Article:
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The Power to Control Immigration is a Core Aspect of Sovereignty

8 Pages Posted: 9 Sep 2017  

John C. Eastman

Chapman University, The Dale E. Fowler School of Law; Claremont Institute Center for Constitutional Jurisprudence

Date Written: 2016

Abstract

Where in our constitutional system is the power to regulate immigration assigned? Professor Ilya Somin argues that the power to regulate immigration is not a power given to Congress because it is not enumerated. But I think it is so clearly a power given to Congress and that such was so well understood at the time of our founding that the Constitution did not even need to specify it. Even so, I think the Constitution does specify it. The notion that the power to regulate immigration is not contained within the power of naturalization is an anachronistic view of the latter power that understands naturalization merely to confer citizenship and not as having anything to do with who can immigrate into this country in order to obtain citizenship.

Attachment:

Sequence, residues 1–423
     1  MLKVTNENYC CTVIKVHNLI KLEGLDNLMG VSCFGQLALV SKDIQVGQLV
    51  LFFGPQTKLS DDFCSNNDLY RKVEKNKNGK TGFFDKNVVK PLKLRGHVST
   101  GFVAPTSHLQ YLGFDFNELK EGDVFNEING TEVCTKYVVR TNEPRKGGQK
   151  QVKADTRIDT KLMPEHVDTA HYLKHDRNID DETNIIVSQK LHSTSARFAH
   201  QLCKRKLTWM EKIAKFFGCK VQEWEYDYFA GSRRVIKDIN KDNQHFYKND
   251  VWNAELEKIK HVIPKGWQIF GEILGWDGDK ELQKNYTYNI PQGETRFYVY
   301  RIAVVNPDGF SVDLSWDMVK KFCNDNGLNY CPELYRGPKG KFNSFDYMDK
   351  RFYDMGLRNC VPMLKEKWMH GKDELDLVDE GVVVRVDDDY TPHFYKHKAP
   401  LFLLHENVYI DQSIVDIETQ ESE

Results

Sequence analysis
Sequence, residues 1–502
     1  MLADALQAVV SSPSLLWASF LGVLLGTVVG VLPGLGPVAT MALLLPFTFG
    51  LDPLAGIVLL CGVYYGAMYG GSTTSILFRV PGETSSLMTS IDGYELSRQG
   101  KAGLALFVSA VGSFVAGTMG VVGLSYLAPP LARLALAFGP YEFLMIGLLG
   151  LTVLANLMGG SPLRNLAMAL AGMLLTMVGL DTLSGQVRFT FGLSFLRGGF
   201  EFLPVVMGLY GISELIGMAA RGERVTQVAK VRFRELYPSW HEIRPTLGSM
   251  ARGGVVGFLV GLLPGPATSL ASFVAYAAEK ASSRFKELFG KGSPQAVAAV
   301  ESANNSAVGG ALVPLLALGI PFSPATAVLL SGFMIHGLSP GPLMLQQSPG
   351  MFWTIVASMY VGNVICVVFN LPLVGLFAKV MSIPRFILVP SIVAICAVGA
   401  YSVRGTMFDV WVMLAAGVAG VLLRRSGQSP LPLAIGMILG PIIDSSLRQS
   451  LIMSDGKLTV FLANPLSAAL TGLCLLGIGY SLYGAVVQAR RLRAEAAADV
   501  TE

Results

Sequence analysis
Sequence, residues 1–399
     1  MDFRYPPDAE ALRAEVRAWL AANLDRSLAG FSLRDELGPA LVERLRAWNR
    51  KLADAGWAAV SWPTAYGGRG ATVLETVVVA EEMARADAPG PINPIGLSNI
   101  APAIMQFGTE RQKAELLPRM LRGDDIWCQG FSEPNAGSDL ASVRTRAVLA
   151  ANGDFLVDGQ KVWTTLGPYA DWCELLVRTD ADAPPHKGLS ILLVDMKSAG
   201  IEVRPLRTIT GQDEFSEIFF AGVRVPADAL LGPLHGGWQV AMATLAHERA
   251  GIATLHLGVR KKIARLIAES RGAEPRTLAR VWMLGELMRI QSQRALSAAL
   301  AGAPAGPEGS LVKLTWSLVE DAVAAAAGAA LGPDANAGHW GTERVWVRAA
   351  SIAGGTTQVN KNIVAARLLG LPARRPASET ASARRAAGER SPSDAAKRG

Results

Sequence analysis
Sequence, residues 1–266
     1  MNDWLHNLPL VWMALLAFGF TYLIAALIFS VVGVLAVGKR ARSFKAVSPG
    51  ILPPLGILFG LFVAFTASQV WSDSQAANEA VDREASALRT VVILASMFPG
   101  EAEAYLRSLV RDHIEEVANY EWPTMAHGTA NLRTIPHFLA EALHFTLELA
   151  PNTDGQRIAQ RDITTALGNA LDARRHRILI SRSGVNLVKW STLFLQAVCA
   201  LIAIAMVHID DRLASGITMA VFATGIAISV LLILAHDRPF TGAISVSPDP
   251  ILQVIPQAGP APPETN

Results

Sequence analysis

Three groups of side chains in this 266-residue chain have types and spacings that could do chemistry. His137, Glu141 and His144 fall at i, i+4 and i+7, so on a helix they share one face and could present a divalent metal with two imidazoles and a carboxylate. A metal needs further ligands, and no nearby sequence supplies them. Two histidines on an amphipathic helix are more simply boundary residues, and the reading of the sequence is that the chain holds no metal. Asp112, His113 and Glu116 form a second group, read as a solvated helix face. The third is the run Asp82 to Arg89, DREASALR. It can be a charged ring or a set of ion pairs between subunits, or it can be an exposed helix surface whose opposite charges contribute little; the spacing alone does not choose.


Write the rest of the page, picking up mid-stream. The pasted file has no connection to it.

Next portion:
Keywords: Immigration, constitutional law, Chinese Exclusion Cases, The Passenger Cases, Founders, separation of powers

Suggested Citation

Eastman, John C., The Power to Control Immigration is a Core Aspect of Sovereignty (2016). Harvard Journal of Law and Public Policy, Vol. 40, 2016. Available at SSRN: https://ssrn.com/abstract=3033217

John C. Eastman (Contact Author)

Chapman University, The Dale E. Fowler School of Law ( email )

One University Drive
Orange, CA 92866-1099
United States
714-628-2587 (Phone)

HOME PAGE: http://www.chapman.edu/law/faculty/eastman.asp

Claremont Institute Center for Constitutional Jurisprudence

1317 W. Foothill Blvd., Suite 120
Upland, CA 91786
United States
877-855-3330 (Phone)

HOME PAGE: http://https://www.claremont.org/center-for-constitutional-jurisprudence/

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